2. #2
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    Sounds like an excuse to overcharge for a tire.

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    lol thats funny i thought the only car needed special tires was the veyron
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  4. #4
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    Not buying it --- Def don't see Michelin, Pirelli, Continental making the same sized tires for each individual car manufacturer. I'm sure there are specific tires that are designed for specific vehicles, but outside of that you should be buying the appropriate "performance" tires for your wheel size & vehicle's performance.

    Short Version: Buy the appropriate tire respective to your vehicle's performance.
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  5. #5
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    Um why would a BMW need a special tire just for being a BMW?

    Veyron needs special tires to hit its top speed due to its weight. The CSL has R-compounds so essentially a software compound. Your tire doesn't know anything other than physics. The badge doesn't matter.

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    Tires in certain sizes and brands where BMW, but also MB, Porsche, has a contract with and are used on standard showroom cars, get the star (in BMW's case) as an original OEM tire.
    I originally had the Bridgestone RE050A's on my 135i as an OEM tire.
    I before made the mistake of putting these under my E36 where they were horrible, but frankly they weren't all that bad under my E82.
    They just fell apart during AutoX.

    I'm not at all convinced that one size wider for the same tire, where there is no OEM mark on them, would result in a different drive cerracteristic of the tire.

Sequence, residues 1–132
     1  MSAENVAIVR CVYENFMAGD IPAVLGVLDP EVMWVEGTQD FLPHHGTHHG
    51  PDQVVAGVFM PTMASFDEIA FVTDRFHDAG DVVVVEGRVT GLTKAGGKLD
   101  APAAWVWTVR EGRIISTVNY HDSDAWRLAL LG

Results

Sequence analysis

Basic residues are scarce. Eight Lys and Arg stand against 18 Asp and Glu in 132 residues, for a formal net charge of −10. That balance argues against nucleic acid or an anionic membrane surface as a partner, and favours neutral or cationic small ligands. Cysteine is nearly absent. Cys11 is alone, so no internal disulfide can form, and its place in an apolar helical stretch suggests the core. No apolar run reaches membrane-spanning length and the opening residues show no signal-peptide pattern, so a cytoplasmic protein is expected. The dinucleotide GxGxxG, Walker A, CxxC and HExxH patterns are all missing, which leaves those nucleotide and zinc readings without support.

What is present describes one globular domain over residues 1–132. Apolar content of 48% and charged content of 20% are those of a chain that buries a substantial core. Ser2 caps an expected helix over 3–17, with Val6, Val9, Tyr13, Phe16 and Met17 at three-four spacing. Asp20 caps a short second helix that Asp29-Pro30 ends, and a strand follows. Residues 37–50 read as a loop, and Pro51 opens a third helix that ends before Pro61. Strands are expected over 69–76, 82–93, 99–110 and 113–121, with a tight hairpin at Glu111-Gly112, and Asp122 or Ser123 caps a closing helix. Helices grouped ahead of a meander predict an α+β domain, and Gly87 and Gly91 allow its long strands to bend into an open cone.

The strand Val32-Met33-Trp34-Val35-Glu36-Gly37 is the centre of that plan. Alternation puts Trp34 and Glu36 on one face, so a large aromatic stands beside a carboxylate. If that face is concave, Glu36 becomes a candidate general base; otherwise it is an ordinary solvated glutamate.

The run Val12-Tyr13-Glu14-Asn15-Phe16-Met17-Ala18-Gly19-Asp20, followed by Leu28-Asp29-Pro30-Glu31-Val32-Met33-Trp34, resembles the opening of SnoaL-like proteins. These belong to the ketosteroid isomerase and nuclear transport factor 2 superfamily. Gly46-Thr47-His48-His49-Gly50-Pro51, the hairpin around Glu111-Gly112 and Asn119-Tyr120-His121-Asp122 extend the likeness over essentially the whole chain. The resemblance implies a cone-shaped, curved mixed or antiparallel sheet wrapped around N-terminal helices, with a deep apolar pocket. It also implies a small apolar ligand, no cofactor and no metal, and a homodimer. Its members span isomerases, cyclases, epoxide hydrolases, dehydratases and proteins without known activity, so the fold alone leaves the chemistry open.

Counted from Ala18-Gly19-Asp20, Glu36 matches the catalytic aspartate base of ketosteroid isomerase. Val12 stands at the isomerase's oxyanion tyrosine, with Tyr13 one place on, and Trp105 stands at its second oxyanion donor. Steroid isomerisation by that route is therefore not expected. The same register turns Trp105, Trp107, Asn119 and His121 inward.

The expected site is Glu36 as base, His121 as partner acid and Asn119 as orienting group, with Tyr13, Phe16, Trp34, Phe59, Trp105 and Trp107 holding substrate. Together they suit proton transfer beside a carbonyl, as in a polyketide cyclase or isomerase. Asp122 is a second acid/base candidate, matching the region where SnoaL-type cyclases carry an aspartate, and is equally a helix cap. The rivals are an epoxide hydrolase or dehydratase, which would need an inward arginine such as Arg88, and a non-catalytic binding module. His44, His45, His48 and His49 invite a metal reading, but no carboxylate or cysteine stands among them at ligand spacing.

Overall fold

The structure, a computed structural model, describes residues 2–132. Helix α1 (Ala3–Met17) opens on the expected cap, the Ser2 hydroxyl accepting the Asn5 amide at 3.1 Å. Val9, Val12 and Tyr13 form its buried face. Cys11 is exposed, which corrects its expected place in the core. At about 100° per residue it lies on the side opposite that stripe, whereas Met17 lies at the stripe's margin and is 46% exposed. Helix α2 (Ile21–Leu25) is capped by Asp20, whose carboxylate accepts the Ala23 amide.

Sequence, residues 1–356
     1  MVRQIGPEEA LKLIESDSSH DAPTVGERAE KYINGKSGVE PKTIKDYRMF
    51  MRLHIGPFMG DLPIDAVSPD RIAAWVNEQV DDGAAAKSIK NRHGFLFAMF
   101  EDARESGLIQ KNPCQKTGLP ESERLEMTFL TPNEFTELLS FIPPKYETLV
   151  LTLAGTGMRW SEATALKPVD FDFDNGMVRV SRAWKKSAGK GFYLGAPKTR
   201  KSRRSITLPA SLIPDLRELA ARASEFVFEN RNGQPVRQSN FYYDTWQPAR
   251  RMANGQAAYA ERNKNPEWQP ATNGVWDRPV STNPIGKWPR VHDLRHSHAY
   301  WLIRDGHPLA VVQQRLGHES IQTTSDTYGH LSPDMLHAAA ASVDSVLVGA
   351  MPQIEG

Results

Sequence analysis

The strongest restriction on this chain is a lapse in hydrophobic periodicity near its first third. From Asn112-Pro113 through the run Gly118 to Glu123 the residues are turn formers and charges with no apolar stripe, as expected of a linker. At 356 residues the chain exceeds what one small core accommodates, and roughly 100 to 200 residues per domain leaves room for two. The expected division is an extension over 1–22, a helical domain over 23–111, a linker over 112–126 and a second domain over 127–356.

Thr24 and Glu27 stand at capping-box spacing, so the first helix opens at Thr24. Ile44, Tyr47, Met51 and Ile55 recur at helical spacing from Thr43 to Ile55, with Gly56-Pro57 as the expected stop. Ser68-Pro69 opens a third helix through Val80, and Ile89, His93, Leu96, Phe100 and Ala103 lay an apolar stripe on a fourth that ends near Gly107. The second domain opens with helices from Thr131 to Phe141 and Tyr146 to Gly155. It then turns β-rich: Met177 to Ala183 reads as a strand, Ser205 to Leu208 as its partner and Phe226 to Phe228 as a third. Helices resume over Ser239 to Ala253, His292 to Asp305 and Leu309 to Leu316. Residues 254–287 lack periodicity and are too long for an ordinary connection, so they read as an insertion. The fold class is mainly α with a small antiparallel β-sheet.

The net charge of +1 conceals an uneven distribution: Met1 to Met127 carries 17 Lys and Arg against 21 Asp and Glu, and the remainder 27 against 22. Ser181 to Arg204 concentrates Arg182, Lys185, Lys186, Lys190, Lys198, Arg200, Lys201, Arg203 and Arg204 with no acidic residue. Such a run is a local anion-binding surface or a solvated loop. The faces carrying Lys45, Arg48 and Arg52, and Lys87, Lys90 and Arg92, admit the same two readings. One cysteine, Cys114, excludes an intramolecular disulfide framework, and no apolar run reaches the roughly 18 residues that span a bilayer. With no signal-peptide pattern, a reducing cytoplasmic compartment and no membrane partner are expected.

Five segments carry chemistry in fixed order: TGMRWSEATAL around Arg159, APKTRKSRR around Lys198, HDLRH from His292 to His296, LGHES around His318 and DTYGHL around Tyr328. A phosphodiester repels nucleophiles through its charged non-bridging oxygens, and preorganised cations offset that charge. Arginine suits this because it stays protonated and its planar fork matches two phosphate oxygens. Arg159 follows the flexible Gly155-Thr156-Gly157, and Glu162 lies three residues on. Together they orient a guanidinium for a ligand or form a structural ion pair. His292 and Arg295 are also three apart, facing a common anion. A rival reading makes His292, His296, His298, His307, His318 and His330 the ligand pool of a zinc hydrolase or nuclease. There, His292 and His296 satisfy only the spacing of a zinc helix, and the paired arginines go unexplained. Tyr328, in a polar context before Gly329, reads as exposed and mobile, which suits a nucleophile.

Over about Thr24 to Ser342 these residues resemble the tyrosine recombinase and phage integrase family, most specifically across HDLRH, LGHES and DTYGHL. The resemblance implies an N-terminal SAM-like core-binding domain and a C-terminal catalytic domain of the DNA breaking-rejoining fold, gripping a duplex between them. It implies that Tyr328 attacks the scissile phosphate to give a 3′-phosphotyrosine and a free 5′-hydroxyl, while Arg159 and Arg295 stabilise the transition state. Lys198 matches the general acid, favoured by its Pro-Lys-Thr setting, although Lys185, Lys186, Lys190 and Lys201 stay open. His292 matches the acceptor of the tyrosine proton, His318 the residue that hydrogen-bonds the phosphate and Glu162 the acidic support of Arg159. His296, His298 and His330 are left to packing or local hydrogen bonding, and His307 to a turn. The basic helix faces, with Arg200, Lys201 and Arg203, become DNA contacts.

But I never tested that theory.
    I never ever went back for a second set of tires to the OEM choice...
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  7. #7
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    If the tyre type/name/model is the same and the size and load class as well as speed rating I think thats it, no difference worth worrying over then...

    The 911 has Porsche "N" certified tyres, I still need them since I am under warranty and without the correct certified tyres I wont get coverage...
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    That's true! For example for audi the logo is AU for mercendes MO for bentley B and so on, each different car brand has different weight-suspension-is more or less luxury or sport so it need it's tire, you will not have any problems with MO installed on a bmw for example but avoid it if you can. Also Yokohama are more wider than other brands, for example i have 285/25/20 Yokohama and now i will buy pirelli, to be the same width i have to installed 305/25/20 because pirelli 285/25/20 are 2cm thinner than Yokohama, i accidentally learn that.